It can be provided as a library type. Essentially:

struct Frozen<T>(T);

unsafe trait NoInteriorMutability {}
// implementations thereof...

impl<T> Frozen<T> {
    fn new(x: T) -> Self { Self(x) }

impl<T> Deref for Frozen<T>
    T: NoInteriorMutability // Remove this bound if we tolerate interior mutability.
    type Target = T;
    fn deref(&self) -> &Self::Target { &self.0 }

This gives you immutable access to the inner T without being able to mutate it, even if Frozen<T> is moved. Whether this is useful is another matter and remains to be seen, but it is certainly possible to encode.

See for discussion on do while .... I personally like the clarity of loop { .. }.

It is the same in language design. You can write up and incredibly simple typed lambda calculus in an hour, but it will not be expressive enough. We want a simple language, but also a flexible and expressive language. These goals are at odds and it takes a lot of ingenuity to maximize both. Practical general purpose languages also face various edge cases (like union and FFI) that you need to deal with. Meeting these needs often add things that can feel inconsistent or complex. We try as best we can in the design of Rust to keep things simple yet expressive by applying design uniformly.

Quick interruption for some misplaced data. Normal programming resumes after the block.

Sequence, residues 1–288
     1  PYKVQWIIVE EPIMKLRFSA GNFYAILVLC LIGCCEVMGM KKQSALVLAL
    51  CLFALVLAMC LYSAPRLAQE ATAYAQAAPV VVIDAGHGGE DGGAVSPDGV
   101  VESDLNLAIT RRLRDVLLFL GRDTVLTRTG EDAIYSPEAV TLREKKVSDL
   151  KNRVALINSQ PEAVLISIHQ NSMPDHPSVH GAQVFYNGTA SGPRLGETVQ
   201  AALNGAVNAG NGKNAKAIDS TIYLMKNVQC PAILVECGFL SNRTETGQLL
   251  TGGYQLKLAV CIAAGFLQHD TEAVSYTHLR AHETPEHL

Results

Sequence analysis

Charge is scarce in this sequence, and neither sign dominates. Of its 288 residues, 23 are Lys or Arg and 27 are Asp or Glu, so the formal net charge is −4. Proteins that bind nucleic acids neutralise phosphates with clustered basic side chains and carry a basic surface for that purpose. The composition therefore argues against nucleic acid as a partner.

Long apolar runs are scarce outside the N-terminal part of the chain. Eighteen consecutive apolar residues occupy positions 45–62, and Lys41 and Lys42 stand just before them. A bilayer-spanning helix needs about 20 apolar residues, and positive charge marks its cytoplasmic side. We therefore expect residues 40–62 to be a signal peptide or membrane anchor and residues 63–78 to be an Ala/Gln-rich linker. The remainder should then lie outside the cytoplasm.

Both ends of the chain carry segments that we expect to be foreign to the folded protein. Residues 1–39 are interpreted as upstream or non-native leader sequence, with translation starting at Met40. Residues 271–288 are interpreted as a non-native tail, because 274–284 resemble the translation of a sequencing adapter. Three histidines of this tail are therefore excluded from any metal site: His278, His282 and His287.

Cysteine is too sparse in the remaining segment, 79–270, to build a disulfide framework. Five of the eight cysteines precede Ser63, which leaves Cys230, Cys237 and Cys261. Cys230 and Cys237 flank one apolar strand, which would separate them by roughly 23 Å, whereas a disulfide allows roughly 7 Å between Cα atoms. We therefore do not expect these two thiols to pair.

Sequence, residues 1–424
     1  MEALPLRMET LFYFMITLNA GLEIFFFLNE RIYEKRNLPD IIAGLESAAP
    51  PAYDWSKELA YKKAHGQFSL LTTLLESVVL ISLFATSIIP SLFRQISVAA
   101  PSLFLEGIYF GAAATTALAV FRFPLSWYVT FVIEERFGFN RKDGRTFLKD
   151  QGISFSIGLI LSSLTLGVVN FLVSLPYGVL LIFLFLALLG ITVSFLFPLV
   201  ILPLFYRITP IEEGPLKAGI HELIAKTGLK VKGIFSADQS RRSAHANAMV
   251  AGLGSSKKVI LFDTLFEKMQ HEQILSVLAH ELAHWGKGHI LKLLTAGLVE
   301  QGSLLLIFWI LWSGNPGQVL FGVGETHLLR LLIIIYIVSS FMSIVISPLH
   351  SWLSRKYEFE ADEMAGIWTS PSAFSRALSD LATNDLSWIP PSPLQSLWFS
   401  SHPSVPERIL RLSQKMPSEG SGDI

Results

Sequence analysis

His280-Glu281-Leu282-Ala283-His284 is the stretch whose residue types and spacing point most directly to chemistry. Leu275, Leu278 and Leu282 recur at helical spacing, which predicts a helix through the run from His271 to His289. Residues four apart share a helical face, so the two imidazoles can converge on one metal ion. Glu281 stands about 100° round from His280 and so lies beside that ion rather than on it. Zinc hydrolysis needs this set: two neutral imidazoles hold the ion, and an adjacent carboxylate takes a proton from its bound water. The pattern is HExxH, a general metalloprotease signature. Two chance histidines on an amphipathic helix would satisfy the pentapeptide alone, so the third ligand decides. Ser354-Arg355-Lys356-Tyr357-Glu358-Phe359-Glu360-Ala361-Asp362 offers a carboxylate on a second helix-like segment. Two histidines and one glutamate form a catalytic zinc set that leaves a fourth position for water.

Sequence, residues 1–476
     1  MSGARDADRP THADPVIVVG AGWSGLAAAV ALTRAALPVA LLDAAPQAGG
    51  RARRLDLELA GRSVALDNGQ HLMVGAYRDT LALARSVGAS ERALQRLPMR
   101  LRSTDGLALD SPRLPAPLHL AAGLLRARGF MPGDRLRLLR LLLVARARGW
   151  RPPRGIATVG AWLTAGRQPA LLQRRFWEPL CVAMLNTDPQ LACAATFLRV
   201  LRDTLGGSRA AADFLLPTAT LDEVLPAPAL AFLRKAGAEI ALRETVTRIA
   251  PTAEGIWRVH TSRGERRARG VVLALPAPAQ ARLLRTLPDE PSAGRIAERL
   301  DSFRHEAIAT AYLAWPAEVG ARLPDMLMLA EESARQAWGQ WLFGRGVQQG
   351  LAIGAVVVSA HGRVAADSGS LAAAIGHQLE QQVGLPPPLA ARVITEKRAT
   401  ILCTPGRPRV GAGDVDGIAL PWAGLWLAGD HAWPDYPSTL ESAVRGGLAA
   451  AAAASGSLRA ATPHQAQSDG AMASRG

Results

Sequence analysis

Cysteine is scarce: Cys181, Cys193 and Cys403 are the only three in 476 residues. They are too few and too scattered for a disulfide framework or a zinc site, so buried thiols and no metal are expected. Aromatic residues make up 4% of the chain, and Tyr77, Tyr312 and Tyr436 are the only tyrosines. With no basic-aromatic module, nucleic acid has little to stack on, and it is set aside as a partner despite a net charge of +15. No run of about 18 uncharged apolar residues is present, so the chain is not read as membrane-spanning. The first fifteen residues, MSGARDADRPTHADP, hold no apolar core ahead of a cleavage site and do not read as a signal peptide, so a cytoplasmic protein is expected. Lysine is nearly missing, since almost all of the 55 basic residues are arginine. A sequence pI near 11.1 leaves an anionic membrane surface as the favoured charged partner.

Predicting things takes time to sit down and do the predicting. Sometimes you just don’t have the time. :wink: You also have to consider that people disagree on what are mistakes and what are not. Inevitably, according to someone’s tastes mistakes will be made. For example, there are plenty of mistakes in the Prelude module of Haskell which the Haskell community has to live with now. This is not to say that we should be lax; but we also have to ship at some point.

Also consider that plenty of language features that would improve libraries considerably haven’t been implemented yet (because it takes time and because the design hadn’t been agreed upon yet). For example, given const generics and tuple variadics, we can eliminate a tonne of macros for implementing traits on arrays and tuples. Fortunately, a lot of improvements are in the pipeline.

This needs to be graffitied on every wall, printed on every t-shirt, reproduced in pamphlets and widely distributed everywhere. I haven’t written C++ for a long time, but I could only imagine how anxious I would be if I didn’t have an actual machine checked guarantee that the borrows are alright.

I can’t say I agree with this; But then, any object oriented language with class based subtyping is less consistent to me than what you get in most functional programming languages. That said, systems programming inevitably leads to complexities that a language like Haskell doesn’t have to deal with.
For example, what is typically a type in Haskell (like A -> B and [A]) are typically made into traits in Rust to achieve maximal performance (Fn(A) -> B and Iterator<Item = A>). Lifetimes themselves and region-typing are also a source of duplication and having to have more types (a borrowed version, and an owned one…). Hopefully GATs will improve on some of this.